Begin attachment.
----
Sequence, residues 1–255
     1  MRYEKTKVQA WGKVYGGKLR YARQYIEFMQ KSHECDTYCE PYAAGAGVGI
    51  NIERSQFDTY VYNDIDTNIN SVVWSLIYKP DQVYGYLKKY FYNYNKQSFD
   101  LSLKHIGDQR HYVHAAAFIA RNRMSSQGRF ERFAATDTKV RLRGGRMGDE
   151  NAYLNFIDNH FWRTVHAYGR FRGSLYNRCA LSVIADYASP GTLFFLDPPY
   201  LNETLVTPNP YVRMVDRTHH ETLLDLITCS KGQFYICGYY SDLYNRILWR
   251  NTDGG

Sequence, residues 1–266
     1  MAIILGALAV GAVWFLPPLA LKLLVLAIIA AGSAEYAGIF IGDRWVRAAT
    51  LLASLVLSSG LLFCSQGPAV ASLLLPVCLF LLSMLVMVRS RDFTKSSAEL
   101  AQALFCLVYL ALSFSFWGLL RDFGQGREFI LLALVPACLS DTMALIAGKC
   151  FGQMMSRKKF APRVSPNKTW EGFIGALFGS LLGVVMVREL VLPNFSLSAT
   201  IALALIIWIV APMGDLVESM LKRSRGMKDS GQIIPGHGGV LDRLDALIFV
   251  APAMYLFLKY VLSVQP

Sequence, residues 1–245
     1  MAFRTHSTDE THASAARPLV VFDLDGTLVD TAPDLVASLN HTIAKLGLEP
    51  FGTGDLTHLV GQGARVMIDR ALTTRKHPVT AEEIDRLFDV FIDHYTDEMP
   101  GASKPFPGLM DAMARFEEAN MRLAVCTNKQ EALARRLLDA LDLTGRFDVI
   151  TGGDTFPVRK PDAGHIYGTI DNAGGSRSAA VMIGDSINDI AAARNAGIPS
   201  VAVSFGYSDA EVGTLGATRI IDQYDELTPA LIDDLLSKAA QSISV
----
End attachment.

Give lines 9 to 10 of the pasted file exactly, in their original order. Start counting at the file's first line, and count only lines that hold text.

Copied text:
     1  MAIILGALAV GAVWFLPPLA LKLLVLAIIA AGSAEYAGIF IGDRWVRAAT
    51  LLASLVLSSG LLFCSQGPAV ASLLLPVCLF LLSMLVMVRS RDFTKSSAEL